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Interest is building on Capitol Hill for an investigation of the business and accounting practices that steered telecommunications pioneer Global Crossing Ltd. into Bankruptcy Court, stranding workers and investors with worthless stock while company executives reaped huge financial rewards.
"It appears to be inevitable we will take a look at them," Ken Johnson, a spokesman for the chairman of the House Energy and Commerce Committee, Rep. W. J. "Billy" Tauzin (R-La.), said Wednesday.
Since Global Crossing filed for bankruptcy 21/2 weeks ago, shareholders have accused the company of using questionable accounting techniques to overstate revenue, workers complained that they were barred from selling stock in their 401(k)s as share prices continued to fall, and former employees have fretted about the sudden cessation of their severance pay.
But in Washington, the plight of Global Crossing has been overshadowed by investigations of energy trading giant Enron Corp.'s even more stunning financial meltdown.
Now that is starting to change. Staffers on the Commerce Committee, home to the subcommittee on telecommunications and the Internet, said Wednesday that a Global Crossing probe could begin within a few weeks.
"They are on our radar screen, even though we are devoting a tremendous amount of time to Enron," said a spokeswoman for Rep. John D. Dingell (D-Mich.), the committee's ranking Democrat.
Other congressional panels may have interest in the company as well. This week, Rep. Louise M. Slaughter (D-N.Y.) asked the Committee on Financial Services to investigate Global Crossing's aggressive accounting practices. As the telecom market fizzled, the company booked revenue by trading capacity on its fiber-optic network with other firms.
Slaughter also requested that the Committee on Education and the Workforce look into Global Crossing's decision to prevent employees from accessing their
401(k) accounts, which included company stock, in the weeks leading up to the bankruptcy filing. The restriction arose in December and January because the company switched the administrator for its 401(k) plan, automatically freezing workers' accounts. The practice is legal, but the timing of the so-called lockdown has raised suspicions.
However, by the time the lockdown began, Global Crossing's shares were trading for less than a dollar. They hit an all-time high of $65.77 in 1999.
Some observers say partisan politics is behind the newfound interest in Global Crossing. The 5-year-old company, which is based in Bermuda but has executive offices in Beverly Hills, quickly became one of Washington's most generous political donors. Of the nearly $2.8 million in soft money the company contributed over the years, 55% of it went to Democrats.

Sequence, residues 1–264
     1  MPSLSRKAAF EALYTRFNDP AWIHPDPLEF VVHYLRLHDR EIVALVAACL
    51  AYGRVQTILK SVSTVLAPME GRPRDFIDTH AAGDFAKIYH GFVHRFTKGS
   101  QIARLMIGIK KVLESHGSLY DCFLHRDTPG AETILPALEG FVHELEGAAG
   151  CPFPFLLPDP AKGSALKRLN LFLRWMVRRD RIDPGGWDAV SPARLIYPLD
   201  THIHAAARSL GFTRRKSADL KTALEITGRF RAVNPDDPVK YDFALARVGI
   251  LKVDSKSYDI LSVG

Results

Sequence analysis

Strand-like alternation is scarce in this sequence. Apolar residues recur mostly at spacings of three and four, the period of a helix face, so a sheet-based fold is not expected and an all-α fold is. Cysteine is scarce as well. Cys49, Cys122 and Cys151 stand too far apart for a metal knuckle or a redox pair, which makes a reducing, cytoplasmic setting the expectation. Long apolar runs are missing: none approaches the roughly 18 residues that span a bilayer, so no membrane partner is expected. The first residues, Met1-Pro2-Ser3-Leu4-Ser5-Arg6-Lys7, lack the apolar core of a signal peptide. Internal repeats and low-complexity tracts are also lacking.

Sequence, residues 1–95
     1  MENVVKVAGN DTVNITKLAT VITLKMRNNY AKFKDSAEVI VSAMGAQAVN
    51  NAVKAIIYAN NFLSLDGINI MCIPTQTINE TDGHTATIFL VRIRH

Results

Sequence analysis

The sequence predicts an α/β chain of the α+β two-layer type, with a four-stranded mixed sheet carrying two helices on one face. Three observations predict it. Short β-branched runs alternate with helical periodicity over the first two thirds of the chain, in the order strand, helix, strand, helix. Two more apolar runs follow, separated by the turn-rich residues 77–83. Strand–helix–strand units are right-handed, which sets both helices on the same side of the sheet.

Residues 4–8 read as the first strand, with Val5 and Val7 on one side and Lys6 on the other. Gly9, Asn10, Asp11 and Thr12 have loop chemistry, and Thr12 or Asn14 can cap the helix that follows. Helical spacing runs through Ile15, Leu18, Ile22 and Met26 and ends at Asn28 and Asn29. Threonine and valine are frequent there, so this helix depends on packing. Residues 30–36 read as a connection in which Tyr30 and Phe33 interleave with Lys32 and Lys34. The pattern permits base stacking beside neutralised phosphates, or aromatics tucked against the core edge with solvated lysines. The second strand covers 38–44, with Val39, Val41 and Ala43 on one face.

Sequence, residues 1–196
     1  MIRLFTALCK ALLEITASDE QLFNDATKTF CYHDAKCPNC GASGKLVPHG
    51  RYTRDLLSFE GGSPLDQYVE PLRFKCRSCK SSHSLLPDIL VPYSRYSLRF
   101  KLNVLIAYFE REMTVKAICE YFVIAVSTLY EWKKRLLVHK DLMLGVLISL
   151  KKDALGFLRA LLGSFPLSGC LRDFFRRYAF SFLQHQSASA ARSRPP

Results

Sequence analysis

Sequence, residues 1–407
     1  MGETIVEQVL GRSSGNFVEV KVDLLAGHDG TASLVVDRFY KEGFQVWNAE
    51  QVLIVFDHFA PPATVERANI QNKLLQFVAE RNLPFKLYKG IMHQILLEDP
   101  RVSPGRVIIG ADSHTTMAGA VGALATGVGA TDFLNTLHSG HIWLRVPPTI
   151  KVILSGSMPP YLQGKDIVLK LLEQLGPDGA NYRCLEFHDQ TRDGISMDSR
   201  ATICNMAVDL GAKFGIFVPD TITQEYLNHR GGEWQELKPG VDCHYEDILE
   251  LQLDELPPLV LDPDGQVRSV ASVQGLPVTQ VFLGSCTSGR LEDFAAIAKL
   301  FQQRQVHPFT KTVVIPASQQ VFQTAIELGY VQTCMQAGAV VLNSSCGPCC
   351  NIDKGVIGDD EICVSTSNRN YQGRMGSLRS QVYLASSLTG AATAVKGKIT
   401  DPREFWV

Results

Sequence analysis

Democratic National Committee Chairman Terry McAuliffe was an early investor in the company, and he pocketed nearly $18 million when he sold the bulk of his shares in 1999, when the stock was riding high. William S. Cohen, President Clinton's Secretary of Defense, currently serves on Global Crossing's board.
Those ties could give Republicans an opportunity to distress Democrats as much as the Enron scandal has embarrassed the GOP.
"A lot of people have pointed out that Terry McAuliffe got a sweetheart deal ... and politicians always feel a need to embarrass their foes," said Erick Gustafson, director of federal policy for Citizens for a Sound Economy, a conservative Washington watchdog group chaired by former President George Bush's White House lawyer, C. Boyden Gray.
Johnson, Tauzin's spokesman, hinted that if congressional Democrats try to mine political capital out of Enron, they could get their comeuppance with Global Crossing.
"We believe that Enron is a business scandal, not a political scandal," he said.
"But if certain Democrats want to continue to try to politicize the Enron scandal, there's always the possibility we could turn the tables on them in a Global Crossing investigation."
But like Enron, Global Crossing spread its money around Washington liberally, giving money to 39 members of the House and 33 Senators.
Since 1999, the company and its employees have given $2,000 in soft money to Tauzin and $1,000 to Dingell, according to the nonpartisan Center for Responsive Politics. Slaughter received $1,500 in Global Crossing soft money.
Still, Slaughter and other Democrats are eager to scrutinize the company, motivated in part by the inevitable media visibility such a probe would bring, and by good old-fashioned outrage from constituents.
"I'm a Democrat in good standing," said Slaughter, whose Rochester, N.Y., district is home to 800 Global Crossing employees. "If Global Crossing needs investigating, it needs investigating."
Shiver reported from Washington and Kaplan reported from Los Angeles.
GRAPHIC: PHOTO: Rep. John D. Dingell PHOTOGRAPHER: Associated Press PHOTO: Rep. W.J. "Billy" Tauzin